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Phanteks Pro-M Special Edition Review (featuring Gamers Nexus!)

Rating: 8.0.

Describing the Phanteks Pro-M Special Edition is both quick and easy. Take the Pro-M Glass from 2016 (which was an update to the the original acrylic Pro-M from 2015), paint the interior white and add two Halos fan frames to the included 140mm fans at the front of the case to deliver a hefty dose of Digital RGB. Naturally the price increases slightly to account for the extra hardware but the SE premium is actually quite modest. As we say in our video, Phanteks Pro-M is the case that refuses to die.

Main features:

  • Premium design with tinted tempered glass side-panels & premium materials
  • Luxurious interior in striking white
  • Compatible with motherboards up to E-ATX form factor (max. 26,4 cm wide)
  • Three dust filters & two 140 mm fans pre-installed
  • Two Phanteks Halos RGB fan frames for impressive lighting
  • Side-mounted I/O panel with RGB controls. two USB 3.0 ports and HD Audio ports
  • Space for two 3.5″ and three 2.5″ storage devices (2x 2.5″ instead of 3.5″, expandable)
  • Graphics cards up to 42cm, CPU cooler up to 19.4 cm and power supplies up to 31.8 cm


  • Motherboard support: E-ATX up to 264mm wide, ATX, Micro-ATX, Mini-ITX.
  • Expansion slots: 7.
  • Included fans: 2x 140mm front intakes.
  • Fan mounts: 3x 120mm/2x 140mm front, 2x 120/140mm roof (3x 120mm with ODD cage removed), 1x 120mm/140mm rear.
  • Radiator mounts: 360mm/280mm front, 360mm/280mm roof, 120mm/140mm rear.
  • 5.25-inch optical drive bays: One.
  • Internal drive bays: 2x 3.5-inch/2.5-inch, 3×2.5-inch.
  • I/O Panel: 2x USB 2.0, Audio, RGB control.
  • Dimensions: 480mm H x 500mm D x 235mm W.

For this video we asked a number of fellow tech reviewers and YouTubers to give their input on RGB lighting as whole, so be sure to watch the video to hear their thoughts. We spoke to:


To put this case through its cooling paces we will be using a test system consisting of an Intel Core i9-9900K, RTX 2080 Founders Edition and an SSD. This system allows us to produce a substantial amount of heat and effectively test the Phanteks Pro-M SE‘s cooling capabilities. For stress testing we use AIDA64 to create the maximum amount of load our CPU and GPU are ever likely to see.

Test System:

  • Processor: Intel Core i9-9900K (8C/16T, 4.7GHz all cores)
  • Motherboard: Asus ROG Maximus XI Formula
  • Memory: 16GB Corsair Vengeance LPX DDR4-3200MHz
  • Graphics card: Nvidia RTX 2080 Founders Edition 8GB
  • Power supply: Seasonic Snow Silent Platinum 650W
  • SSD: 1TB Intel 760P M.2 NVMe
  • OS: Windows 10
  • Custom Loop Cooling:
  • Pump/Reservoir: Phanteks Glacier R220C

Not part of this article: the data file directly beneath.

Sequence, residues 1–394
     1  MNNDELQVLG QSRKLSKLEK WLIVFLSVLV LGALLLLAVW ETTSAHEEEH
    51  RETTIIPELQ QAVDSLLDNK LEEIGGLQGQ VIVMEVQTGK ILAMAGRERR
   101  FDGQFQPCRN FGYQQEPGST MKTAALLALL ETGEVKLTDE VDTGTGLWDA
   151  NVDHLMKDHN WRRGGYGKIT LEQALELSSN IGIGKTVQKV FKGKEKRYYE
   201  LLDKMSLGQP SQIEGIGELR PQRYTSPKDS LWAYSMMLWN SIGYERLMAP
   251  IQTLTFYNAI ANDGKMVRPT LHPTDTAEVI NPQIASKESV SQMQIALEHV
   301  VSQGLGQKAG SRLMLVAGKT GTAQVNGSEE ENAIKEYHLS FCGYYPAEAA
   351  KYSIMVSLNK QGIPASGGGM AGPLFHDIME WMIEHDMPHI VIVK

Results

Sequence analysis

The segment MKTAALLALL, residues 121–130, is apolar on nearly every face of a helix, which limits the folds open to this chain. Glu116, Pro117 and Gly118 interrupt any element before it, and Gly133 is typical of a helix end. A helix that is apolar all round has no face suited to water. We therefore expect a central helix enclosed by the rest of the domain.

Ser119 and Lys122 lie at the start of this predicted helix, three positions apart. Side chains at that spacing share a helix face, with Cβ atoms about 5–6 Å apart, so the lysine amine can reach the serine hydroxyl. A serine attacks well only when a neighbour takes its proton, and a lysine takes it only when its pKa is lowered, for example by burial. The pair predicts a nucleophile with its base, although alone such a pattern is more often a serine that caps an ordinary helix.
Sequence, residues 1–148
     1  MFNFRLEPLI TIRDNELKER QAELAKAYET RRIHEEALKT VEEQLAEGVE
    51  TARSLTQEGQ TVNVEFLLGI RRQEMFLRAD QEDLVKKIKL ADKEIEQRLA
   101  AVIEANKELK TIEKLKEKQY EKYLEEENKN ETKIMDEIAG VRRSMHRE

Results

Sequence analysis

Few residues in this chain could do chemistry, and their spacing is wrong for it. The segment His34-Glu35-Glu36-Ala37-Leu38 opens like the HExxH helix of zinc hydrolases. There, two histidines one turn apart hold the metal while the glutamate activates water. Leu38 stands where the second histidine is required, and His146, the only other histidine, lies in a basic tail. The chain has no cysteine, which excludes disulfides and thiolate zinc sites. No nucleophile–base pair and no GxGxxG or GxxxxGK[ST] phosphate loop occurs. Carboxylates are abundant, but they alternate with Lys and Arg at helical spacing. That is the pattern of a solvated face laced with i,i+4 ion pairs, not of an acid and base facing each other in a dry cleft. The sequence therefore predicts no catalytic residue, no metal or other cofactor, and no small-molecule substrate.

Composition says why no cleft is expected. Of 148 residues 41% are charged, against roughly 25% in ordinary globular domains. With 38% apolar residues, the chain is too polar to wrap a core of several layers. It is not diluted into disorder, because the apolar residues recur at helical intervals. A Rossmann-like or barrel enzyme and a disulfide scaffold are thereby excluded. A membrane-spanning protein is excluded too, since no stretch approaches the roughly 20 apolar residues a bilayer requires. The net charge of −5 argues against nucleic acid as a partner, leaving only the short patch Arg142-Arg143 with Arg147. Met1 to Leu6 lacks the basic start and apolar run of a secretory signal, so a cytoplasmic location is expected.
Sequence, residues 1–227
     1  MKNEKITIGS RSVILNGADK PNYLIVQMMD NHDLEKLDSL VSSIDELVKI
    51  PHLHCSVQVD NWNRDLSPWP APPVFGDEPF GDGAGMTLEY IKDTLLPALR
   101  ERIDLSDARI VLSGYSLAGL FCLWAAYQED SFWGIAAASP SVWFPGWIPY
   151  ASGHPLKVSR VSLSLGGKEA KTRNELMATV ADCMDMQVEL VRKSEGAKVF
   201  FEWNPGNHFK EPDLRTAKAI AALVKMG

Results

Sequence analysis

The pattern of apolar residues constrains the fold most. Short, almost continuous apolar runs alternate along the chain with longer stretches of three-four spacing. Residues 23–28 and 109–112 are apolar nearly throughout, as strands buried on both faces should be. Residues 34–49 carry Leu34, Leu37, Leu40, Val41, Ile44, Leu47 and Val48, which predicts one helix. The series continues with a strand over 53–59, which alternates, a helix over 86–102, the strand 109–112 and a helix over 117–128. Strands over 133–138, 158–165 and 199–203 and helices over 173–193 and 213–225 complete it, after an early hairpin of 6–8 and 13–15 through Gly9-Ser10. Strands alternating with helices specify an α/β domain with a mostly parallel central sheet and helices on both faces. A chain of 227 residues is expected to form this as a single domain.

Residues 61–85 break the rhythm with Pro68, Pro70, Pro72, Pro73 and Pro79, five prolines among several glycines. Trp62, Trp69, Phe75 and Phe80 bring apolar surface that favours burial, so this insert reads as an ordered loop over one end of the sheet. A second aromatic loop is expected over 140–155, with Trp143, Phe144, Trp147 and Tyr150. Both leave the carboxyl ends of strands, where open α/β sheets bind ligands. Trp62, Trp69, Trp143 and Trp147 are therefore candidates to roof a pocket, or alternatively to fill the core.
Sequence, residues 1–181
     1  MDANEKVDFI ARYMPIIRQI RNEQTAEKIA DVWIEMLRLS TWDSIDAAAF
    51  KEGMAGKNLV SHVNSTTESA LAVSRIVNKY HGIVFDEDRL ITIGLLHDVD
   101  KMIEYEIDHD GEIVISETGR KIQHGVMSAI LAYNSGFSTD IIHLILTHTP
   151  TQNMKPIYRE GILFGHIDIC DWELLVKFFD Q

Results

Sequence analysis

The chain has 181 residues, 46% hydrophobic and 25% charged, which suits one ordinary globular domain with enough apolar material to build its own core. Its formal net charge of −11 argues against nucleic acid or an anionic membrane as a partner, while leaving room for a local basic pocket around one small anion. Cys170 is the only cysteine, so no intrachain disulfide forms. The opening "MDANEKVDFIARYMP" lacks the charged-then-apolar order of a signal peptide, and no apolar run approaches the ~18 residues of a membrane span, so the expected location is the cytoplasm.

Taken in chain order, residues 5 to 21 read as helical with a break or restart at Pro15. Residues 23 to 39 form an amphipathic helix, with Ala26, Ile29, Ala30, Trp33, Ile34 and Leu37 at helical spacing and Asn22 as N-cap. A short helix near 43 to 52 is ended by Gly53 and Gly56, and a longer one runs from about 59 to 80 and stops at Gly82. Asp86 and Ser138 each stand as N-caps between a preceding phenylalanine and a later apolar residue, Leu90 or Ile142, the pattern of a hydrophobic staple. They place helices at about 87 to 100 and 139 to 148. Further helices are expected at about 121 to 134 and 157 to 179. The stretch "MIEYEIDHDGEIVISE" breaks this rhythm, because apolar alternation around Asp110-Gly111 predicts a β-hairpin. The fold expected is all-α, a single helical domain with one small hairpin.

• CPU Block: Phanteks Glacier C360i
  • GPU Block: Phanteks Glacier G2080 Ti and back plate
  • Radiator: Alphacool NexXxos ST30 280mm
  • Fittings: Phanteks 16mm
  • Coolant: Corsair XL5

Cooling Performance

Cooling Performance Overview.

Our liquid cooled test PC worked really well in the Phanteks Pro-M SE. Admittedly our aged Core i9-9900K seems to be suffering but the RTX 2080 graphics were as cool as ice, which is what we like to see.

If you choose to use an air tower on your CPU you might want to move one of the 140mm fans to the rear of the case or to add an extra exhaust fan but in our test build the stock configuration worked perfectly well.

Closing Thoughts

Phanteks hasn’t made any significant changes to the Pro-M chassis since 2016 and we noted a few areas where the hardware is starting to look a bit stale. For example the case does not include a fan hub and of course you don’t get USB Type-C. If we are scratching around for areas of complaint we might add also mention that the user guide is fairly basic.

Part of the problem here is that the original Pro-M only cost £60 when it launched which was crazy cheap. Since then Phanteks has gained a solid reputation and UK prices in general have crept upwards while the Pound Sterling has gone down. These changes mean the Pro-M now costs £94.99 and the SE version costs £109.99 which is perfectly reasonable but clearly nothing like that £60 bargain.

Balanced against that Phanteks has constantly moved the goalposts for case design and has essentially helped to beat itself, in particular with the Eclipse range of products. You can buy the Eclipse P300 for £55, Eclipse P350X DRGB for £65 and the Phanteks Eclipse P400 Air for £65, or £85 with DRGB.

That doesn’t leave much room for the Pro-M unless you have a specific need for an optical drive bay or like some other feature of the Pro-M such as the voluminous interior. Pro-M was ahead of the game when it launched in 2015 and it still looks good when compared to a number of competitors in the mid-tower market. While it may be showing signs of its age, there is no doubt this case still works well. You can easily install your hardware and the chassis allows cooling air to flow.

When it comes to the Special Edition features we cannot argue with the white interior as it gives the Pro-M some extra pop and the Halos fan frames are tried and true. We have used Phanteks RGB hardware on a number of occasions and consider it to be among the best that money can buy.

You can buy the Phanteks Pro-M SE for £109.99 from Overclockers UK HERE.

Discuss on our Facebook page HERE.


  • Decent air flow and cooling.
  • Two 140mm fans are included.
  • Traditionalist will appreciate the ODD bay,
  • Phanteks Halos give a superb DRGB lighting effect.
  • Decent range of options for liquid cooling.
  • Good support for multiple drive bays.


  • The price makes Phanteks Eclipse very tempting.
  • The elderly I/O panel means no Type-C.
  • Crank up the fan speeds and the Pro-M gets noisy.

KitGuru says: Phanteks Pro-M continues to make a good showing four years after its launch.

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Rating: 8.0.

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